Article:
Never has the opinion of the individual been as powerful as it is today. One negative blog post or product review can spread online in a flash and change the direction of a company. Need proof? See Jeff Jarvis’ 2005 blog post, Dell lies. Dell sucks, which created the “Dell Hell” phenomenon and forced the company to make big changes to how it interacts with its customers.
We’re doing business in an era when search engines appear to be putting greater value on blogs and user-generated content; when customers are more likely to trust the unfettered comments of their peers; and when anyone unfamiliar with who you are and what you do is likely to type your name into a search engine and “Google” you. That’s why reputation management is near the top of the SEO Success Pyramid. If you hope to succeed online over the long haul, what other people say about you matters. A lot.
What About Small Businesses?
Sure, you say, big companies like Dell — of course they need to do reputation management. But not me. Not my small business. Nobody blogs about my company, or the products I sell. Nobody leaves reviews about me on the web. I’m too small.
I might’ve agreed with you five years ago, but not today. Consider the case of a local car dealership in my hometown, one of a couple Ford dealers I could choose from if I’m buying that make. If I go to Google and do a search for Ford dealers in this area, I’ll get some Google Maps results with a couple customer reviews featured prominently:
Two bad reviews. And what makes it worse for this dealer is that very few other car dealers in this area have reviews, so just the fact that this dealer has reviews — negative or not — means they appear higher in the SERPs. Ouch.
Compare that with the reviews for this small bike shop in my area:
The point is that people are talking about small businesses online — even local car dealerships and small bike shops.
Small Businesses are Catching On to Reputation Management
Slowly but surely, the idea of small business reputation management is taking hold. Proactive small business owners are learning to manage their reputation on review sites like Yelp. This is new territory for many small businesses, and traditional media occasionally picks up on the idea — sometimes reporting the good and sometimes the bad.
- Good: USA Today recently wrote about the impact of reviews on a small business’s online reputation.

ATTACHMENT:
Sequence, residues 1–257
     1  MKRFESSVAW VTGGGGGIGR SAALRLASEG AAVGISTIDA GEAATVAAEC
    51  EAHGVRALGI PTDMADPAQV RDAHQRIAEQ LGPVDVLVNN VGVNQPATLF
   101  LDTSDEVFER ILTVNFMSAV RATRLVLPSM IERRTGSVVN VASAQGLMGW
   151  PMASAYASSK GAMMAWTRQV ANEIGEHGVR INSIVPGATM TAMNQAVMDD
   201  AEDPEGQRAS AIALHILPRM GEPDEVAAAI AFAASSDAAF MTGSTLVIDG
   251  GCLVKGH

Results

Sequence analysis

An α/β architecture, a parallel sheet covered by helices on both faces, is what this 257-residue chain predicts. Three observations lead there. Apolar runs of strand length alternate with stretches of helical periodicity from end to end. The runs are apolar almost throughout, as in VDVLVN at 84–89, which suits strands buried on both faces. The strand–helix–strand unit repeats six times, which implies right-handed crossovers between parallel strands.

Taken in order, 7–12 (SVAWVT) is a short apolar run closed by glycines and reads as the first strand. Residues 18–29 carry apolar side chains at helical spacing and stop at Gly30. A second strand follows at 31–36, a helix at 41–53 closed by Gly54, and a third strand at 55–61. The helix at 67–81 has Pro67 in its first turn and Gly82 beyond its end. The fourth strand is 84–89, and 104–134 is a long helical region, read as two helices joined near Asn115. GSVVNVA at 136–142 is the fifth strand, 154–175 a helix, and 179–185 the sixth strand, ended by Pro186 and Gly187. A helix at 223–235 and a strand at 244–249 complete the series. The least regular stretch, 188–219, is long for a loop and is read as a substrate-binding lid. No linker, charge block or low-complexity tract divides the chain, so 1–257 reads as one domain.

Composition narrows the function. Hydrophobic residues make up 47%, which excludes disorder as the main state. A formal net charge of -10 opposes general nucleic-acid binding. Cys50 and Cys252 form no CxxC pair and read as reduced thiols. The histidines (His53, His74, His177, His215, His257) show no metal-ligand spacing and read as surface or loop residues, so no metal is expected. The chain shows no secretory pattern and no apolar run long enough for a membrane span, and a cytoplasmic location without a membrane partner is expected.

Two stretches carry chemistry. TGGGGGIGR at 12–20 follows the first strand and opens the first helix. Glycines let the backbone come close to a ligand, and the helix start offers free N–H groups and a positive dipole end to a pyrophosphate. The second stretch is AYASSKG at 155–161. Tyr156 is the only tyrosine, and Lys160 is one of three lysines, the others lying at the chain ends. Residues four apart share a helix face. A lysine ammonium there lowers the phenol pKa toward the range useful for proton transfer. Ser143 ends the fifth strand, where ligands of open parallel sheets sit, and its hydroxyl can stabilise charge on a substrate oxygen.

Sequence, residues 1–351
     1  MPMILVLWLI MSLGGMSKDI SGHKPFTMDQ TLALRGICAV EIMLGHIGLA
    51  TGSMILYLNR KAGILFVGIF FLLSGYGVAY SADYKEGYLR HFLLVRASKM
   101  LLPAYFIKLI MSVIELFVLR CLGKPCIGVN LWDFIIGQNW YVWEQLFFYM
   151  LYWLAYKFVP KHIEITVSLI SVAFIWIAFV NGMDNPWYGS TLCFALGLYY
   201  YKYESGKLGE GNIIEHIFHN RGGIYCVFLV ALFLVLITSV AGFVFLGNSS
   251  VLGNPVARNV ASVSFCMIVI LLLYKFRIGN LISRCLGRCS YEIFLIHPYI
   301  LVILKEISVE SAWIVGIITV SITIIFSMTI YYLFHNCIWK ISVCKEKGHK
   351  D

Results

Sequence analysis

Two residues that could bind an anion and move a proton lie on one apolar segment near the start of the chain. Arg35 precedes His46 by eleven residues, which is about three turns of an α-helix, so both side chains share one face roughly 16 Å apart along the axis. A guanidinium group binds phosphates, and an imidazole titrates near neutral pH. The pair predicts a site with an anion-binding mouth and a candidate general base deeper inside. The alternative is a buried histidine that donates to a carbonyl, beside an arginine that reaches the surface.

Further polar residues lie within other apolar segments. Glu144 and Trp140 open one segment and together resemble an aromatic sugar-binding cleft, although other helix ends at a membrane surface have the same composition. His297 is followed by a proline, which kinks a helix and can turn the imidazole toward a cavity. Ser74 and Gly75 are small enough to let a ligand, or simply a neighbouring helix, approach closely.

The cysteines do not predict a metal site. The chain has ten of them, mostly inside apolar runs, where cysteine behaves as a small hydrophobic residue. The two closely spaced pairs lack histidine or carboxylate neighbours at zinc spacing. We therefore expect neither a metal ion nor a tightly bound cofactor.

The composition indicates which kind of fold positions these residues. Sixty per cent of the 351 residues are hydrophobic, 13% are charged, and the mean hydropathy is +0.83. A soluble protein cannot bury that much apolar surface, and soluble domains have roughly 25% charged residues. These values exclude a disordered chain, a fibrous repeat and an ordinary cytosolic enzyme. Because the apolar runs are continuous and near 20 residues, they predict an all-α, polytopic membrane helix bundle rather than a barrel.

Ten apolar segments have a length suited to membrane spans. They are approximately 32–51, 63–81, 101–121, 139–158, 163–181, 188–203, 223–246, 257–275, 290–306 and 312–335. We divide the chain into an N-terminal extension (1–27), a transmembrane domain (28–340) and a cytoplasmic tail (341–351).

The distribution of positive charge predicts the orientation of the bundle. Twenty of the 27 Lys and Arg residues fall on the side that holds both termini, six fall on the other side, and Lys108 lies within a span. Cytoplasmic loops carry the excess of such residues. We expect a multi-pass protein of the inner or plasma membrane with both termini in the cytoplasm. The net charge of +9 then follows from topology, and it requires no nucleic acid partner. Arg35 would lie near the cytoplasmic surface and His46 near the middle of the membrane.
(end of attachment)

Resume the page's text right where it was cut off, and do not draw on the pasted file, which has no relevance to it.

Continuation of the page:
- Bad:In the San Francisco area, some restaurants are learning reputation management the hard way: They’re having to give away free food or risk having their online reputation trashed.
Good or bad, I hope the message is clear for small business owners: It’s time to pay attention to what’s being said online about your company, your industry, and your products or services.
A Quick Interview: Andy Beal
Andy Beal is one of the leading reputation managment experts in the world; he (literally) wrote the book on this topic: Radically Transparent: Monitoring and Managing Reputations Online, co-authored with Dr. Judy Strauss, is an absolute must-read for businesses of all sizes. The book makes the case for why monitoring online reputation is necessary, and offers specific strategies and tactics for building a great reputation across the Internet.
While putting together this article, I emailed a few questions to Andy about small businesses and online reputations. Here’s what we talked about:
Matt McGee: I’ve had small business owners tell me that reputation management is only for big companies. What’s your reaction to that?
Andy Beal: I’d say it’s the opposite. Larger companies have the marketing budgets to help with their reputation management. Small companies often don’t have that luxury, so reputation management is a way for them to compete on a more equal footing. In addition, small businesses — especially local businesses — live and die by customer referrals. It might help to call it “referral management” when speaking to small businesses — that’s something they’d more easily understand.
The idea of monitoring all kinds of company-related names, product names, executive’s names, and so forth, probably turns off a lot of small business owners. They think they don’t have time for that. What’s the absolute minimum that a small business should be doing to monitor its reputation online?
There are two approaches, both very effective. First, find your “centers of influence” and only monitor your reputation at these places. For example, if you’re a restaurant, you could probably get by with monitoring only Yelp.com and CitySearch.com. Online retailers might just monitor ePinions.com and perhaps one or two influential bloggers.